A Small Act (U)

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The ViewBirmingham Review

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Review byMatthew Turner15/04/2011

Three out of Five stars
Running time: 88 mins

Well made, powerfully moving and genuinely inspirational documentary that shows the astonishing ripple effect of an act of charity.

What's it all about?
Directed by Jennifer Arnold, A Small Act is a documentary that explores the extraordinary consequences of one simple charitable donation. The film opens with Harvard-educated UN human rights advocate Chris Mburu explaining that he grew up in a mud house in Kenya and that even though he was top of his class, he wouldn't have been able to stay in his school without sponsorship money from a Swedish schoolteacher named Hilde Back, who was a Jewish refugee from Nazi Germany whose parents died in the concentration camps.

After graduating from Harvard, Chris set up an educational foundation aimed at sponsoring under-privileged children, which he named after Hilde without ever having met her; following this he then sets out to find her and bring her to Kenya to visit his community, where she's overwhelmed by the welcome she receives. Meanwhile, the film also follows Chris' cousin Jane (who was also sponsored and who co-runs a village school with Chris) as well as three of the school's brightest children – Kimani, Caroline and Ruth – who are waiting to find out if they've done well enough in their exams to qualify for a place on the sponsorship program ...

The Good
The ripple effect of an act of kindness is a powerful and compelling idea that is superbly illustrated here; similarly, the film makes a strong argument that education is a life and death issue in Kenya, particularly for girls, who will otherwise end up in the cycle of pregnancy and poverty. We also see the burden that this knowledge places on the sponsorship committee, since they know that without their patronage, many of the children won't get the education they need.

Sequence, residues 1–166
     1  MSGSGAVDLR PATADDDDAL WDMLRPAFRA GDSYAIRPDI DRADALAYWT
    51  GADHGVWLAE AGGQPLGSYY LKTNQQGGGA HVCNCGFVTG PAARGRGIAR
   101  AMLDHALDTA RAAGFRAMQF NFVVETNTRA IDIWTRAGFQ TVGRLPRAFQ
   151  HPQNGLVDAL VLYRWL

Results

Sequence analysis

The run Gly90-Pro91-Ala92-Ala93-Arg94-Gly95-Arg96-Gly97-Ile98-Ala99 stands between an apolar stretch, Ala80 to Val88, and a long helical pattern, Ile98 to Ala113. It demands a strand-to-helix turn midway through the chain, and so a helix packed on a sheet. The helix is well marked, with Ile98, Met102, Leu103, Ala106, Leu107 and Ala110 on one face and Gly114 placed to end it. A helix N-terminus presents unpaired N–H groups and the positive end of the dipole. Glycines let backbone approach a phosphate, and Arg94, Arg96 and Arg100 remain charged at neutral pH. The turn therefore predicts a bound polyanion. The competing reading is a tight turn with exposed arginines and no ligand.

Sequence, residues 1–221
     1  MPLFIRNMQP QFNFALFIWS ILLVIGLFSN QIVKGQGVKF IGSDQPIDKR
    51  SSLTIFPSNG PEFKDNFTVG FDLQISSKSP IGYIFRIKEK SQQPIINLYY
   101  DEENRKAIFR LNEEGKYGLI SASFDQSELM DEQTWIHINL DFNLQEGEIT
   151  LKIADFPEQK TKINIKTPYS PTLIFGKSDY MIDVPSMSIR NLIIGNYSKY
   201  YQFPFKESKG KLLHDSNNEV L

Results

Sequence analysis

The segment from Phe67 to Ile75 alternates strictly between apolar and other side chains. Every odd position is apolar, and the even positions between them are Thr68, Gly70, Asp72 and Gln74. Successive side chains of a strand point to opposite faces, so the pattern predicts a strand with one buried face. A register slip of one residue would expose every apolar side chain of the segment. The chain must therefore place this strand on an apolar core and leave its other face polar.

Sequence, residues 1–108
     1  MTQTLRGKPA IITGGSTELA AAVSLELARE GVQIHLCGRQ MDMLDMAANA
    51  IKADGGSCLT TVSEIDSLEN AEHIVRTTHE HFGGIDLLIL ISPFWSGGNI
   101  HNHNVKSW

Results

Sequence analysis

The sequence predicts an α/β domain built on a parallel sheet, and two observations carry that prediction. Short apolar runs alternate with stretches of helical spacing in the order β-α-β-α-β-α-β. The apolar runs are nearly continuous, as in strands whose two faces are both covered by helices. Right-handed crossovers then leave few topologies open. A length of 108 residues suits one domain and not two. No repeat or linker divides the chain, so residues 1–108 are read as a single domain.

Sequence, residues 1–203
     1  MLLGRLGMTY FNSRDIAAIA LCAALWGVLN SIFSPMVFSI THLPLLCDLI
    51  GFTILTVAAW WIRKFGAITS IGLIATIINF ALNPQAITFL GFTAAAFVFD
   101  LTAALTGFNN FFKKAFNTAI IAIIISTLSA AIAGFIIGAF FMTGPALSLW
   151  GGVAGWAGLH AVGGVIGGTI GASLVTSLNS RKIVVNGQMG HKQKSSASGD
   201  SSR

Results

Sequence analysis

The Equally Good
The film is extremely moving on a number of different levels, from the heart-warming relationship between Chris and Hilde (who's interviewed both at home in Sweden and while visiting Chris in Kenya), the agonising and heart-breaking moments as the children wait for and then receive their results, to a horrifying sequence as Kenya erupts into post-election violence, with Hilde watching helplessly on TV back in Sweden, while Chris and Jane try to get home to their friends and families.

Worth seeing?
A Small Act is a well made, powerfully moving documentary that delivers a vitally important message. Worth seeing.

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A Small Act (U)
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Content updated: 18/11/2017 14:11

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